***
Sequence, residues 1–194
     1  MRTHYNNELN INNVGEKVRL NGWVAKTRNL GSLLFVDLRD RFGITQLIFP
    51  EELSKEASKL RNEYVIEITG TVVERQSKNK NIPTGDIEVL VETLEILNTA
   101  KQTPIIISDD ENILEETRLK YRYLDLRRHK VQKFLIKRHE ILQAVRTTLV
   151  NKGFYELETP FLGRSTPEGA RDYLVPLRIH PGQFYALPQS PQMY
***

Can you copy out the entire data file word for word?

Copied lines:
Sequence, residues 1–194
     1  MRTHYNNELN INNVGEKVRL NGWVAKTRNL GSLLFVDLRD RFGITQLIFP
    51  EELSKEASKL RNEYVIEITG TVVERQSKNK NIPTGDIEVL VETLEILNTA
   101  KQTPIIISDD ENILEETRLK YRYLDLRRHK VQKFLIKRHE ILQAVRTTLV
   151  NKGFYELETP FLGRSTPEGA RDYLVPLRIH PGQFYALPQS PQMY